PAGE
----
Start over with troopers

July 29, 2005

You would think that Pennsylvania Gov. Ed Rendell's decision to hire 120 new state troopers would be an action welcomed by existing members of the state police.

Not so, because Rendell also wants to "civilianize" 60 positions, a move opposed by the police union. There's room for negotiation here, if both sides will approach the talks with an open mind.

On Wednesday, the governor called a news conference to ask the Pennsylvania State Troopers Association to accept the plan to have civilians do forensic analysis and handle liquor-code enforcement and communications duties.

Rendell struck a nerve when he singled out procurement as one area that could be handled by civilians,as opposed to trained troopers.


Rendell told The Associated Press that "They basically order, get and hand out socks to other policemen."

Sgt. Bruce Edwards, head of the union, fired back, noting that such officers are also in charge of ammunition and tear gas.

This is a case where the governor complicated what should have been a simple situation by failing to talk to the people who would be affected.

It's clear to us that the state police have an esprit de corps, a spirit that leads troopers to support one another as members of the organization. If they perceive that the governor is trying to downgrade some in their ranks, their tendency will be to resist.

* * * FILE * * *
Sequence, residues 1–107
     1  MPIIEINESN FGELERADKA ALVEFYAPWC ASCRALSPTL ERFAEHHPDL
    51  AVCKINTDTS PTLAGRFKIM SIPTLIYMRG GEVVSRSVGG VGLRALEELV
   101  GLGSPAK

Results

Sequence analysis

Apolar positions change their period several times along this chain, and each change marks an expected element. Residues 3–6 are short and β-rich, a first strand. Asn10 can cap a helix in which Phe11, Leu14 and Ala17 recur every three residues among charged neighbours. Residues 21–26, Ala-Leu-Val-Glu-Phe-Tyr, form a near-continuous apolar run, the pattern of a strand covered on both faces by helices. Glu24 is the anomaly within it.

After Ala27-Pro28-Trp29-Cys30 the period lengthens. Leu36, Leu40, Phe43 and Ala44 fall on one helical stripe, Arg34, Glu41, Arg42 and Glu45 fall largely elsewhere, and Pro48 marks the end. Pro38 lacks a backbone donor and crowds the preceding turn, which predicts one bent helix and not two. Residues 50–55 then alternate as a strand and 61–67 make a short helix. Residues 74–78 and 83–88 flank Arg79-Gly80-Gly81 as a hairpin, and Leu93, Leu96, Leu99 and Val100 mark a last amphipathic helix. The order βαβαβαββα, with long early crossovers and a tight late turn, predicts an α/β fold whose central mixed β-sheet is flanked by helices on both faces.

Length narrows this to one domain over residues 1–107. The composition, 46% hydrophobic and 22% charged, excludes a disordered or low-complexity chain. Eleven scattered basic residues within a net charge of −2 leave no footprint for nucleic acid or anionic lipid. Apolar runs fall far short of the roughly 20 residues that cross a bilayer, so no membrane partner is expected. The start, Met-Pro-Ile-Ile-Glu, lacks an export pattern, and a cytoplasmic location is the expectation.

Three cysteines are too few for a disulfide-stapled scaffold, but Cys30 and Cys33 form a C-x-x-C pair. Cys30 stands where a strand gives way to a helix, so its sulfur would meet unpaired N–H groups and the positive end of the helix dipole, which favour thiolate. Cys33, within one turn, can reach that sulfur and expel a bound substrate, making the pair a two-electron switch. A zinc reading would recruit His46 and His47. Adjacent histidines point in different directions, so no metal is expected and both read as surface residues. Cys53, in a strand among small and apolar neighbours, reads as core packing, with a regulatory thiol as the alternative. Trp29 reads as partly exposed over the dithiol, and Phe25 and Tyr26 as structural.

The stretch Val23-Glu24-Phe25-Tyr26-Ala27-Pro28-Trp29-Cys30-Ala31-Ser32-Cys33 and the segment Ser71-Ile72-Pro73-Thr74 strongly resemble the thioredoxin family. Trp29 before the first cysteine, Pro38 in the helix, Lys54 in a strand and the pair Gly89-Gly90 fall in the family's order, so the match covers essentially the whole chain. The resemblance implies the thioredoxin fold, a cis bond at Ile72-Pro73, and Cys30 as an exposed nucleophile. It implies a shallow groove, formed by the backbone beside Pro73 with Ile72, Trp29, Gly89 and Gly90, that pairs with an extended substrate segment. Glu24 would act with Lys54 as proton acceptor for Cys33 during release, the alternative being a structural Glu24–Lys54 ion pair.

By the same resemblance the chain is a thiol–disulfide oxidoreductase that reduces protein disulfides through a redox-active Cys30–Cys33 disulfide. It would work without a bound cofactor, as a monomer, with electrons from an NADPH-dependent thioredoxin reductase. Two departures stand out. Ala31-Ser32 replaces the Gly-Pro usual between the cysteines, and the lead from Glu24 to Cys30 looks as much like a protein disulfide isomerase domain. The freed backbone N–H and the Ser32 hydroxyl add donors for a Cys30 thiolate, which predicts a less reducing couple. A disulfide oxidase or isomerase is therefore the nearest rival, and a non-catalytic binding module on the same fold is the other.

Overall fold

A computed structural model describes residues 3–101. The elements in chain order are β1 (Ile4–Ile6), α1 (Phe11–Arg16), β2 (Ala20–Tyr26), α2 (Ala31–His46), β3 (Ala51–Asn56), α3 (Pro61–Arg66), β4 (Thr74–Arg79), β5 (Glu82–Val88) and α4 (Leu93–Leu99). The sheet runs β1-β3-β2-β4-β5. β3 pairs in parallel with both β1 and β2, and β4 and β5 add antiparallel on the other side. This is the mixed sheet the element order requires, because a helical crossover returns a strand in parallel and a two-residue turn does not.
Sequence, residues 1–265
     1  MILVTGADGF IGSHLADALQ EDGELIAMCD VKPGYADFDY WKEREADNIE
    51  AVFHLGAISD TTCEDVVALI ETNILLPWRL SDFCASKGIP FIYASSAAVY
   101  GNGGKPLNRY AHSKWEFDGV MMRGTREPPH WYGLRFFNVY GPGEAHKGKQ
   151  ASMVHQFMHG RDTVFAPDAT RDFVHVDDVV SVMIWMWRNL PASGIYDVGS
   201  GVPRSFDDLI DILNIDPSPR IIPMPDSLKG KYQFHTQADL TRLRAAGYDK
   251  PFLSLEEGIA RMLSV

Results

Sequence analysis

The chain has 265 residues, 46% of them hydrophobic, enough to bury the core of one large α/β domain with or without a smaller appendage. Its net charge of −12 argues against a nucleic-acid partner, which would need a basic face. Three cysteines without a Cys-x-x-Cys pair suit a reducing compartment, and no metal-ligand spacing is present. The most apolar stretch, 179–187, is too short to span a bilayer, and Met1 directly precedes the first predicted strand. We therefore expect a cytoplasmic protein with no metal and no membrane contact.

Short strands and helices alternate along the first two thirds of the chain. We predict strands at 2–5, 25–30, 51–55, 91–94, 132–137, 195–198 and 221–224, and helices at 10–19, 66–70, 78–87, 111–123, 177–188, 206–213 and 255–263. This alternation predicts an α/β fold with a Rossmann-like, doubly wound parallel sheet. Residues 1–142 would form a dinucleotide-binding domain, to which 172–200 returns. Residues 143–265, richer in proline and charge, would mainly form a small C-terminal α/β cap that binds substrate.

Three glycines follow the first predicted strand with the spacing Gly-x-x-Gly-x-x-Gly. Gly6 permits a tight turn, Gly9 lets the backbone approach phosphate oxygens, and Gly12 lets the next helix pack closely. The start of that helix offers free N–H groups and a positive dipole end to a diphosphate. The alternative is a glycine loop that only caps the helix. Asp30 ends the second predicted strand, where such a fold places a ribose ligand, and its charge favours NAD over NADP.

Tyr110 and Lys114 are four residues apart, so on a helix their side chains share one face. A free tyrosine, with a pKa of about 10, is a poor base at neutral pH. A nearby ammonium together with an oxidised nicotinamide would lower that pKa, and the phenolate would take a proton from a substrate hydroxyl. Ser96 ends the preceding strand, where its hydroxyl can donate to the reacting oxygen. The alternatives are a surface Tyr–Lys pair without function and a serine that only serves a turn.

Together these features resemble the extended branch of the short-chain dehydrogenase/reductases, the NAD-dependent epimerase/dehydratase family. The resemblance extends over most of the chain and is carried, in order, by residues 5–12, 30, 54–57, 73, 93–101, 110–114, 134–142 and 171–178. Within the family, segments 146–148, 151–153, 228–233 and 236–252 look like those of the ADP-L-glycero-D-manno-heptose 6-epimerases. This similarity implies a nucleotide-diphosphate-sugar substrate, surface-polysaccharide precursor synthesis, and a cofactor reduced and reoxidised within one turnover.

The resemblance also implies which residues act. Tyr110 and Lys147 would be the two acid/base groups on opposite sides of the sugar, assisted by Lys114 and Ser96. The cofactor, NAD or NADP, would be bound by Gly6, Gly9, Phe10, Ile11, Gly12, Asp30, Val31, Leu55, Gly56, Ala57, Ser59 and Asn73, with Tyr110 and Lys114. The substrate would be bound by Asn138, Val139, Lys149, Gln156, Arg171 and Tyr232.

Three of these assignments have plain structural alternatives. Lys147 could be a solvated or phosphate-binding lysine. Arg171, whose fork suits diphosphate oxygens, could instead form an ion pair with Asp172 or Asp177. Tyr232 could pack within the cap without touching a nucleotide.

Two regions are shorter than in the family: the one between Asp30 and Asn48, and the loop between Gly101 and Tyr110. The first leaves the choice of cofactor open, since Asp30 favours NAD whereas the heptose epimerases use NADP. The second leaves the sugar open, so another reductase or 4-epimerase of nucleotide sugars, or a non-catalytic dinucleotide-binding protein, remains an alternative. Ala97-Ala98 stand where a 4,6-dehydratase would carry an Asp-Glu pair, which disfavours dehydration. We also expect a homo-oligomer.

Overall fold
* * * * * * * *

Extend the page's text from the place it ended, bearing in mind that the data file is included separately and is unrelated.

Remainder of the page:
That is so despite the fact that Rendell's objective of putting more officers on the street makes a great deal of sense. Had he approached the troopers for help in solving this problem, as opposed to trying to impose a solution, he would have gotten a lot further.

Why are some troopers assigned to functions that could be done by civilians instead? We would bet that some are veteran officers who no longer want to do road patrol, but who feel they have something to contribute nonetheless.

The governor should think about all of these possibilities, then approach the troopers union about starting these talks over.

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